Practicing law is a challenging profession with long hours and tough intellectual challenges. Far from a deterrent, the challenges and rewards often attract lawyers to the profession in the first place.
Well, maybe you (we) didn’t go seeking long hours exactly, but if you are a rainmaking lawyer, then long hours have never stood in your way. You worked hard at school and thrived on the challenge.
In the right conditions, the hours melt away as you dive deep into an issue and develop meaningful solutions for your clients.
But in the wrong conditions, the hours are torture. According to one study, 56% of lawyers are frustrated with their careers. Liz Brown, the author of the help manual Life After Law, observes, “Law is the only career I know that has a sub-profession dedicated to helping people get out of it.”
I frequently talk to lawyers who used to love the law and want to enjoy it again, but are convinced that the profession is a terrible place to be.
They are wrong; practicing law doesn’t have to be miserable.
If you are a partner who loves law but hates your current job, you may be at the wrong firm. So in this post, I explore some ways to know if you are at the wrong firm.
You can also download our full report on the topic here.
Do you dread going to work?
Often, lawyers get lulled into the rhythm of their work. Each day bleeds into the next, and they don’t think about it too much about it until they get a day off or take a vacation.
Maybe you get the weekend off, and Sunday evening fills with the dread of having to go back to the office (or log back into Zoom).
Or you take a vacation with the family and actually decompress. Then you realize you’ll have to return to the same situation you were in before your vacation.
There should be some joyful anticipation associated with going back to work, like the first day of school. Far from dread, returning to the office should feel good, exciting, and fulfilling if your law firm is a good fit. If your work doesn’t feel this way, you are likely at the wrong firm.
You are constantly apologizing.
Many lawyers get stuck on what I call “the apology tour.”
They miss every family event, so they apologize to their children, spouses, parents, and in-laws for missing dinner, recitals, practices, holidays… you name it.
And they don’t just apologize to the family. Good lawyers love serving their clients. When they get overworked and can’t help or, worse, end up with delays or subpar work, they have to apologize to their clients as well.
If you’ve ever been in this situation, you know how painful it is. It’s often a result of understaffing or under-resourcing lawyers, either because the firm won’t hire more support or because they can’t because of their toxic culture. Or, it might be because your firm lacks a practice area or geographic location that is a good fit for you.
No matter why, if you’ve been on the apology tour, you recognize it and know how miserable it can be. It’s also evidence that you are at the wrong firm. If your law firm is a good fit, you won’t be apologizing.
You are concerned about the future.
Even if you are happy with your situation today, your future at the firm may concern you — either your role in the firm or the firm’s future.
Two concerns pertaining to the future that arise are concerns about practice area and succession planning.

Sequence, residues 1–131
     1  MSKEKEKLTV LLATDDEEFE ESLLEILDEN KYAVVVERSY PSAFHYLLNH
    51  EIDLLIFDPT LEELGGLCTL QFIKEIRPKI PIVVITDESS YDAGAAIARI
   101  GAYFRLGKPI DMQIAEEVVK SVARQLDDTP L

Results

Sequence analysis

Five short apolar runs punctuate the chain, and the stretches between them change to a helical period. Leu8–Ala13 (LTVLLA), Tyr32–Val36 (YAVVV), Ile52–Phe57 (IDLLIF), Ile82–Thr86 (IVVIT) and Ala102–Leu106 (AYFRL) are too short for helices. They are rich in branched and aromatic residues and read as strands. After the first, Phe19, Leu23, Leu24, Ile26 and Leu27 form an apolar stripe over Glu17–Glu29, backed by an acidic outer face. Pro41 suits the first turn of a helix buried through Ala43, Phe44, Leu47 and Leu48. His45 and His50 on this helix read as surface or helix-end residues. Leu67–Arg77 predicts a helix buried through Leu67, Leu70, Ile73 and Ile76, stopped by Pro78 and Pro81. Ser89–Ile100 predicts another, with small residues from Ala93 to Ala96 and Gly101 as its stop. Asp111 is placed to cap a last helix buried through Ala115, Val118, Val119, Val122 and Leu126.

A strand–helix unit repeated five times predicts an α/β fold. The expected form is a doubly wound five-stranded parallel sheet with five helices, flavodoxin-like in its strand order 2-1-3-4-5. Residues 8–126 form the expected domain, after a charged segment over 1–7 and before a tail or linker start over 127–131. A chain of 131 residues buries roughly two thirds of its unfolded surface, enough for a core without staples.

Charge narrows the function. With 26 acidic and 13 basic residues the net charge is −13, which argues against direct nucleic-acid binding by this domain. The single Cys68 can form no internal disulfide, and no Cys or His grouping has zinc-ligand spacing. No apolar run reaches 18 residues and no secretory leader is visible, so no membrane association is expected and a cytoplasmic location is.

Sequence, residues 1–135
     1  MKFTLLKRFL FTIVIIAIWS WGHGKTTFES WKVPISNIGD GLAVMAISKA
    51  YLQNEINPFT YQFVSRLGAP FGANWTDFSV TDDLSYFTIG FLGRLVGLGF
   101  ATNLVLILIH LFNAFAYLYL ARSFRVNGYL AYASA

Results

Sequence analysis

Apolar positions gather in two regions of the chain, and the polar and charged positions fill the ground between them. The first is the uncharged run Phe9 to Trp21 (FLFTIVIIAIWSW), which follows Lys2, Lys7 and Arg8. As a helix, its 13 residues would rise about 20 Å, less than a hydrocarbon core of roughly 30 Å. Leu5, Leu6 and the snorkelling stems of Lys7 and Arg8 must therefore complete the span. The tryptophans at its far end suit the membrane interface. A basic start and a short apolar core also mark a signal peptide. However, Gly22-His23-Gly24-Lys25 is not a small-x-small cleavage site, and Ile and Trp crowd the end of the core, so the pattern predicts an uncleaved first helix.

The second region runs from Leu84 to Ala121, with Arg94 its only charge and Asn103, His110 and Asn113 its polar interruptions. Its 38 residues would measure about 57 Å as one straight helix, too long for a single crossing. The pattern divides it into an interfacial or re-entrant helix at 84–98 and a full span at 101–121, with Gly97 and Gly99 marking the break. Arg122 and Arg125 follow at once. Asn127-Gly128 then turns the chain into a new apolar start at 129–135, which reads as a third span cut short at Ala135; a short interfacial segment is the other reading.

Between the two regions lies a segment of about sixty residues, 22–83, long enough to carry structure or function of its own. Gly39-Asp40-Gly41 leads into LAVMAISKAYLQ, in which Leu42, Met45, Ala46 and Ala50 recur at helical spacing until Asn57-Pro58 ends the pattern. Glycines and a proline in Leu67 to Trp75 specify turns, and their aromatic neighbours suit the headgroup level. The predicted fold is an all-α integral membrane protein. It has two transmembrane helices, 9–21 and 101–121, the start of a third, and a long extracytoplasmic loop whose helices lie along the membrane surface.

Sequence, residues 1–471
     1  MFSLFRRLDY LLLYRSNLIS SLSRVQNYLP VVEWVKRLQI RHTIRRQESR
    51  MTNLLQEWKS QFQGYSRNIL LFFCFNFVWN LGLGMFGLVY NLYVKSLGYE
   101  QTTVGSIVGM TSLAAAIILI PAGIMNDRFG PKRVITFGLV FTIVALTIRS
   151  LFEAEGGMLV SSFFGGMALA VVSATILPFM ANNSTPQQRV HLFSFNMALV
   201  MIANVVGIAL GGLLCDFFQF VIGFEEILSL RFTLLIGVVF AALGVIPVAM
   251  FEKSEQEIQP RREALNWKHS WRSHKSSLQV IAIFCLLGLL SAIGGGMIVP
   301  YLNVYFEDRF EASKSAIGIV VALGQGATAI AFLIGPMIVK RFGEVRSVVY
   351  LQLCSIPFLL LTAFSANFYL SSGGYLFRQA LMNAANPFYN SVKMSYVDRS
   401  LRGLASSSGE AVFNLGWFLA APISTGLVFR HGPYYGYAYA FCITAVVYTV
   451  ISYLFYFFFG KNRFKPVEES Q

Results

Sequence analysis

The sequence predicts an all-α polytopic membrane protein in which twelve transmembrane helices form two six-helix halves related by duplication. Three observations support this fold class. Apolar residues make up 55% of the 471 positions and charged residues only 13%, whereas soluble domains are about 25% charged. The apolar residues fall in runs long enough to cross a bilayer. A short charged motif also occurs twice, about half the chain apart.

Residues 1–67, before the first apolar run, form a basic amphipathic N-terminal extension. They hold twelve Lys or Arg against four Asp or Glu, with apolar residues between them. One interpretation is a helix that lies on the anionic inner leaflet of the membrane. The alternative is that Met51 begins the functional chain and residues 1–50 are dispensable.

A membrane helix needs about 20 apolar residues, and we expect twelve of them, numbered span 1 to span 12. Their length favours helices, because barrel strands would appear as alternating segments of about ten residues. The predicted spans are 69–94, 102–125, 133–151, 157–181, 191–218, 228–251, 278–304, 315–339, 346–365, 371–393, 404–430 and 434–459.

Working at a firm that neglects your practice area can be tough. The firm may starve your practice area of resources or outright consider plans to eliminate the practice. It’s never fun to be caught in limbo, and it also makes building your book of business nearly impossible.
Then there is succession planning. Many firms, especially midsized or smaller ones, neglect succession planning. They rely on aging rainmaking partners who hold on, believing that they will be able to continue forever.
The problem is that they won’t be able to continue forever.
When the inevitable does happen, that can spell disaster for your firm and your career.
You don’t think you are treated fairly.
Even if all the other pieces are in place, you may feel you aren’t treated fairly.
Does origination go to partners who brought in business 30 years ago but haven’t done anything since?
Does your firm expect you to do the work of a partner and three associates?
Is it your responsibility to change the toner cartridge?
Whatever your concern, from pay to support to respect, you might want to consider a change if you bring in business and don’t feel like you are treated fairly.
You deserve fair treatment, fair pay, and a platform that supports you in building your practice.
No good or bad firms
There are no good or bad firms out there. Every law firm is built around ideas and has a culture that works for some people, or they wouldn’t exist.
So every law firm works for some lawyers, but not every law firm works for every lawyer. The question is one of fit: you need a law firm that fits you. You shouldn’t dread going to work, be forced to apologize constantly, or be worried about the future. And you should be treated fairly.
So if you love law but don’t love your firm, it may be time for a change. Find a firm that works for you.
That is what we do – it costs you nothing, but we dedicate ourselves to your happiness. Do you wonder what opportunities might be available to you? Let’s talk, there’s no obligation, and I’d be happy to help you figure out your next step.
Download our full report for more on whether your law firm is a good fit for you here because you deserve to be happy too.